Neither perspective is right or wrong, investors are simply begging advisors to listen to them and be understood.
It’s our job to read in between the lines. To understand that our clients are unique and that their view on life, relationships, and money was created by their personal experiences. If financial advice is truly personal, then advisors must understand each client’s unique personality before applying the complex strategies and solutions that will accomplish the client’s goals.
With all the incredible technology at our fingertips today, we as advisors have the ability to give each of our clients what they want and need.
We CAN connect Baby Boomer investors to what they own and simply the conversations so their trust can be reaffirmed. Simplified reports and statements help these investors understand how their money is growing and being protected by their advisor. Without that, Baby Boomer investors rely more heavily on blind trust because they cannot see the value their advisor brings to the table each day.
We CAN unite Gen X/Y investors with their money showing them how easy it is to access online from their computer through an on-demand, well-designed client portal. A computer to these generations not only means the traditional desktop, but also includes laptops, tablets, and smartphones. Online access means constant access. This generation of investors will often use technology to be more efficient with current tasks, but notoriously fills that saved time with additional activity. Instead of attempting to change that hardwired mentality, advisors need to find ways to use technology to more efficiently deliver the message to these investors. The fundamental message each investor should know is what they own, where it is, and why they own it. (Tweet this.)
With that generational understanding in mind, the results of Schmitt’s article make much more sense. Investors are asking for improved client engagement.
Baby Boomer investors are screaming, “We want to trust our advisor through good service and simple conversations” while the Gen X/Y investors are begging for help in efficiently managing all aspects of their financial life, and need to see it.
How I’m Tackling This In My Business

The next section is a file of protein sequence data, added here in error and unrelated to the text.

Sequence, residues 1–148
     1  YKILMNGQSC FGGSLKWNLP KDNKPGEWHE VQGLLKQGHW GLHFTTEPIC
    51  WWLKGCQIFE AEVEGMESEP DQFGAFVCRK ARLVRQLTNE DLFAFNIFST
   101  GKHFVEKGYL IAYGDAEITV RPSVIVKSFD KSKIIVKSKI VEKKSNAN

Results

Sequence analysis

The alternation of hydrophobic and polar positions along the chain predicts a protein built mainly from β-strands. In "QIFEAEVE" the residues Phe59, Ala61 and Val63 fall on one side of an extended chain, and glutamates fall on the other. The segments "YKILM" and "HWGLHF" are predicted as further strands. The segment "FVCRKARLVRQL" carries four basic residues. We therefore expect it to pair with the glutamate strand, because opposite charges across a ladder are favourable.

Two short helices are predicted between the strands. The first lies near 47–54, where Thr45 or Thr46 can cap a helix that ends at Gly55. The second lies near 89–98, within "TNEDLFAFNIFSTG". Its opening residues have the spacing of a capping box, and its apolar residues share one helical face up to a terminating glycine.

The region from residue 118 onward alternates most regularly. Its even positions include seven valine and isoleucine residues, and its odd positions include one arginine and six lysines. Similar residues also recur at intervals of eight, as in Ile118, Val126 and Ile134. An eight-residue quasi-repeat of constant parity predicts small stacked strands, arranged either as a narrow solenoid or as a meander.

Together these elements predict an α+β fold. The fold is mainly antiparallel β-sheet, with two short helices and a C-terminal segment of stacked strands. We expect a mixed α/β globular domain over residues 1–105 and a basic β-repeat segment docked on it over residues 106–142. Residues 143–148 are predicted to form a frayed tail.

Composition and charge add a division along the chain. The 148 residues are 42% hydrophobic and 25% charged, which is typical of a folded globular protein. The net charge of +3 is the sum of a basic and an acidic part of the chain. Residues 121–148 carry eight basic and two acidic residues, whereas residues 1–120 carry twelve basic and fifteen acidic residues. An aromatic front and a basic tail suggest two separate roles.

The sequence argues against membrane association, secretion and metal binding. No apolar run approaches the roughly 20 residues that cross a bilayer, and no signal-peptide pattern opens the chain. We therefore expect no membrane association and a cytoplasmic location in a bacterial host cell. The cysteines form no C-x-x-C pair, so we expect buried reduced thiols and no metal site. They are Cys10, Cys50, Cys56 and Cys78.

So, I always remind my clients that a Rule of Thumb is a great starting point, but was never designed to be implemented as a stand-alone solution without applying the current situation and environment. The same approach has worked well as I try to connect my clients to what they own while having simple, productive conversations about how to manage it.
I give my clients access to custom reports, online, any time they want to see them.
Starting with the big picture is crucial, so I use an account aggregation and automated reporting tool (Blueleaf.com) to connect my clients to everything they own. This connection process is my technological “Rule of Thumb”. Once clients can see all of their accounts and what’s inside them in one consolidated dashboard, only then can we have those simple, productive conversations about how to allocate, rebalance or adjust each account according to their personal risk tolerance and the current market environment. They love it. Applying that personal filter is where I take into account each client’s background, experiences and personality toward money. You can try it free for 30 days here.
One of my clients who is an Estate Planning Attorney likened this process to his own job. He told me that getting everything set up (i.e. a will, trust or estate plan) and organized is only half the battle. The other half is managing that original plan to ensure that everything falls into place according to its unique design while adjusting to the client’s current set of circumstances.
Connect. Converse. Adjust. Repeat.
Related: NextGen Investors Demand Advisors Use a Client Portal
Photo credit: pennstatenews, Flickr